"Romantic conversations

    Following the initial technical call, conversations between Fitzgerald and Shaikh quickly turned personal. Fitzgerald admitted being flattered by the attention from the Indian support tech, whose MySpace page identifies him as being 24 years old. "He's very charming and he knew exactly what to say. It warmed my heart," she said.

    Fitzgerald shared a number of personal e-mails Shaikh sent her from his Hotmail account shortly after their first conversation, including the following message dated Jan. 11, 2009:

    "There are no words to express how I feel about you. I constantly search for the words, and they all seem less than I truly feel. You are my life, my heart, and my soul. You are my best friend. You are my one true love. I still remember the day we first met. I knew that you were the one I was meant to be with forever."

    ...

    On Valentine's Day 2009, Fitzgerald said Shaikh told her he had fallen in love with a 22-year-old woman in Tennessee who had also called Dell technical support.

    ...

    Fitzgerald later discovered two mysterious purchases on Feb. 17 totalling $802 charged to her Dell Preferred credit card. She called Dell and was told the charges were for a computer system and router shipped to a woman in Waynesboro, Tennessee."

    (Outsourcing nightmare: Sacramento woman describes Dell tech support abuse (watch video report), RGJ.com, July 29, 2010)

  • by MROD (101561) on Friday July 30, 2010 @04:07PM (#33088266) Homepage

    When I first read the name I thought that maybe the British actress [imdb.com] of the same name, notorious for (tasteful) nude scenes in 1990s films. Obviously not.

    So, maybe this is all made up and the woman's real name isn't Tara Fitzgerald at all?

  • by Anonymous Coward

    She is a pay-cam-whore. www(dot)ashcams(dot)com/profile/taritabonita

    Sounds like a scam to 1) avoid paying her Dell bill 2) get more traffic.

  • telcos used women as operators.

  • I find this story hilarious. I'll never get tired of laughing at people being stupid. Unfortunately society has made it OK to be stupid about computers. The words "I'm not computer savvy" have become like fingernails on a chalk board to me. This woman didn't NEED to be computer savvy, she just needed to not be a complete maroon. The part about a stolen credit card... alright, I'll agree that was messed up and illegal. But the pictures, and sending a laptop... No excuse. Why do we as a society allow people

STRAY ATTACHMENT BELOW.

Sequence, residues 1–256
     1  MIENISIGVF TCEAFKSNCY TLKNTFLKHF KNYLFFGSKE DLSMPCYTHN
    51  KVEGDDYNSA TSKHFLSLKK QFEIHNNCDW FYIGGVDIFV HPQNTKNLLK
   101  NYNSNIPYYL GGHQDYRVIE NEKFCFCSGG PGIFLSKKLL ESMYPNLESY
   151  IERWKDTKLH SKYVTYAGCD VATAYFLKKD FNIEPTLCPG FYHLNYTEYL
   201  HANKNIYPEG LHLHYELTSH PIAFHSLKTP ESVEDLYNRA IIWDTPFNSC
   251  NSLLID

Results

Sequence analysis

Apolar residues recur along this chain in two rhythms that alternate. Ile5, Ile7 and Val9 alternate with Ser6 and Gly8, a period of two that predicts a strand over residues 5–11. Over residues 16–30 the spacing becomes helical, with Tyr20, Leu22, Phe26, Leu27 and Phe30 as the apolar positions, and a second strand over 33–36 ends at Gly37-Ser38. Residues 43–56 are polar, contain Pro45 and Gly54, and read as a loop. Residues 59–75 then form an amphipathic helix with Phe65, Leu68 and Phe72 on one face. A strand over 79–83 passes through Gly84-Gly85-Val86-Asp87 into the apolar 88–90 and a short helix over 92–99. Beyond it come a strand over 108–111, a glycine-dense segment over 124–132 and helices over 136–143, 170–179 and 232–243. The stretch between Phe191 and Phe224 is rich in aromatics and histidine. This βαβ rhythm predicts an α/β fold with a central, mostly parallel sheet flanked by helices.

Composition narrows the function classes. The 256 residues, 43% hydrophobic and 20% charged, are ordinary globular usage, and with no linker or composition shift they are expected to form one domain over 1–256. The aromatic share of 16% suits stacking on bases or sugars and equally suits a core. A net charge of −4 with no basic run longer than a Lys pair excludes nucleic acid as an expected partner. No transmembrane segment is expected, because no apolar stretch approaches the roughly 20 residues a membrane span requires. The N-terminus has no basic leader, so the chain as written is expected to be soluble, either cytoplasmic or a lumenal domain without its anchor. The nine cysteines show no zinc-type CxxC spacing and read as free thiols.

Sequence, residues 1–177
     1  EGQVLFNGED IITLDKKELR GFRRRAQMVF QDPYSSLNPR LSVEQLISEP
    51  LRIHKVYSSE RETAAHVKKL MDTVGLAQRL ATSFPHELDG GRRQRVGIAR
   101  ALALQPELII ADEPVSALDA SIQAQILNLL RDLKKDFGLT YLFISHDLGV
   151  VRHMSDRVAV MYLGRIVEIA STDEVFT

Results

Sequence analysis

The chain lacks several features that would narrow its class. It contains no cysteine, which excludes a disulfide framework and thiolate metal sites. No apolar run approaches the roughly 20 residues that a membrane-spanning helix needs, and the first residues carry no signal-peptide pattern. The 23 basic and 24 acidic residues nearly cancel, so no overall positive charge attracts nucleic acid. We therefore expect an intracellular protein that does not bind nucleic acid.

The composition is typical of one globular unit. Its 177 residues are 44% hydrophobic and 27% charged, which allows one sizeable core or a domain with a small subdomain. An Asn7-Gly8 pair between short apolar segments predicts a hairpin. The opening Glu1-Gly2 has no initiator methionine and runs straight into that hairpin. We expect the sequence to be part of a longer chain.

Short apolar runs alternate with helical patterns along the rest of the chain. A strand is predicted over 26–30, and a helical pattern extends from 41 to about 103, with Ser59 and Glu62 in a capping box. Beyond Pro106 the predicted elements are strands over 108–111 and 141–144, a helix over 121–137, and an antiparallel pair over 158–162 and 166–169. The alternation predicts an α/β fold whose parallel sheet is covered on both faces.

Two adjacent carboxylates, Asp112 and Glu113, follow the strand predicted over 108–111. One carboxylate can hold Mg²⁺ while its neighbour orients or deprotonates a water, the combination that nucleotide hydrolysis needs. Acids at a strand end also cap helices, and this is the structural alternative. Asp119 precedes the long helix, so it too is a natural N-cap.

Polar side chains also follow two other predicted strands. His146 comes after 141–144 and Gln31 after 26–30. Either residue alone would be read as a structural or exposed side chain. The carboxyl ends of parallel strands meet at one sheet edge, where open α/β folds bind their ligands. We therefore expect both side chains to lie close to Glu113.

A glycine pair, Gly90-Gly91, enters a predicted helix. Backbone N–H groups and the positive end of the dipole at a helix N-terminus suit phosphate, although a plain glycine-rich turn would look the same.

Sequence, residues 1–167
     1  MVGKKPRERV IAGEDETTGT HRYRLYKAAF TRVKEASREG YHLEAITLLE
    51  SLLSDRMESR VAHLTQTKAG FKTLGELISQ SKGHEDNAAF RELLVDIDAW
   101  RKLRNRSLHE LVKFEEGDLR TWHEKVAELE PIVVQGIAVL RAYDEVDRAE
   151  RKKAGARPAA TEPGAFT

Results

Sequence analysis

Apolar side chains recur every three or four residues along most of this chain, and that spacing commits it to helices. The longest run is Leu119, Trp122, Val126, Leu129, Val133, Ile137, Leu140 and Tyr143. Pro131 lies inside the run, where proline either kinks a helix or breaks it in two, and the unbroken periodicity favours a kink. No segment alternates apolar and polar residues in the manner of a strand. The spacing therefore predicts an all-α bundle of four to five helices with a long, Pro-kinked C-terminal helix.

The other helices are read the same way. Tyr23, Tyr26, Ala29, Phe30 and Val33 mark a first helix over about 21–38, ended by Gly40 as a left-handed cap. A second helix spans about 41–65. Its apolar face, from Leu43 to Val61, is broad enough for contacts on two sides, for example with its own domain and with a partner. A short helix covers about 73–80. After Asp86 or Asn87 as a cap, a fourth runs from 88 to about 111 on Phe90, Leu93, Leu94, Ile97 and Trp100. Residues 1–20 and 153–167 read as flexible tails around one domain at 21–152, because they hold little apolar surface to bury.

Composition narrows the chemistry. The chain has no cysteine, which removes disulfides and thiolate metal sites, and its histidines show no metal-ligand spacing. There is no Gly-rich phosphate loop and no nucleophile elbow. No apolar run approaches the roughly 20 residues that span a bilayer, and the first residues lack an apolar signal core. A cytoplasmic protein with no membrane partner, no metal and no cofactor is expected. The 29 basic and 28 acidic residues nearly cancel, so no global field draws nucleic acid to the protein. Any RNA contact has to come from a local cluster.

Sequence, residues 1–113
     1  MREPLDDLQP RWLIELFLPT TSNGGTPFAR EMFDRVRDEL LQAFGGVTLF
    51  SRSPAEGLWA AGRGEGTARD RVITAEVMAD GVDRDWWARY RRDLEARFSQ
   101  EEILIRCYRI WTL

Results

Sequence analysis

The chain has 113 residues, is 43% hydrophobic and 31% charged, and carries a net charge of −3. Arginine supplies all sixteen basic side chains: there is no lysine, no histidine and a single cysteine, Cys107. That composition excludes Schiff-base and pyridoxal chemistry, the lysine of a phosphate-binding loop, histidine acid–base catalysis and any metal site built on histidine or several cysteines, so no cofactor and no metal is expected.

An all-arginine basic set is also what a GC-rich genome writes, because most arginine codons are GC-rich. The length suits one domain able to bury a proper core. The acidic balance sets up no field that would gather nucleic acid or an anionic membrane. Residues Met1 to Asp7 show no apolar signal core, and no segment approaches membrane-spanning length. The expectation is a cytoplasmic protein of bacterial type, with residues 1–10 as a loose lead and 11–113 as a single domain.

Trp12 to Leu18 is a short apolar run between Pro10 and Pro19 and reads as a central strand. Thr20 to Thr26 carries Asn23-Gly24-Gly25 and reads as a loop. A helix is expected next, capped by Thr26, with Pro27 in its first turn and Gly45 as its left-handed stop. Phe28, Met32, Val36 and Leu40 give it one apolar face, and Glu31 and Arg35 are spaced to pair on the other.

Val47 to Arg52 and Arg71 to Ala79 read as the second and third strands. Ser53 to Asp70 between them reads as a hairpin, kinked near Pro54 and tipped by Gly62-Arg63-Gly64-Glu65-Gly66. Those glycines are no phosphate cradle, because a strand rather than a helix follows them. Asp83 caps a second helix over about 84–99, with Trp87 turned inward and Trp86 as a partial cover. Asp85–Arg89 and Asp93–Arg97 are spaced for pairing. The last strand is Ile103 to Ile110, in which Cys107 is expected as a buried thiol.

• "Stupid is as stupid does."
  • - That Dell tech would go to the bother and expense of creating a whole website called "bitchtara.com" and domain to post incriminating photos of some random person who happened to call them, in the hopes that they would extort out of her, of all things, a DELL laptop...

    - That the woman e-mailed them to her BF or whoever, and the photos made the rounds to someone who dislikes her (heck maybe her ex BF himself, and THEY set up the website.called "bitchtara.com", an obviously personal name, to try to get back

  • Nobody is this stupid. This is the internet version of calling up the beer company saying you found a dead mouse in a bottle of their product and please send one million dollars to ease the mental anguish.

    Also, dude looks like a lady.

  • Read all of the info (Score:2, Informative)

    by aarenz (1009365)
    She was trying to delete the pictures from an email that she had already sent to her boyfriend. I wonder if they are still dating, or if he just posted them in a drunken stupor one night. Dell was not the only one with access to the pictures and there will be little way to trace where the posting came from.
  • And she sent the laptop?

    Sad. She should have called the police. And the police should have called Dell.

    Me? Sure, I would send a laptop [notla.com]. What the heck. Does India charge customs fees [zug.com] for incoming gifts?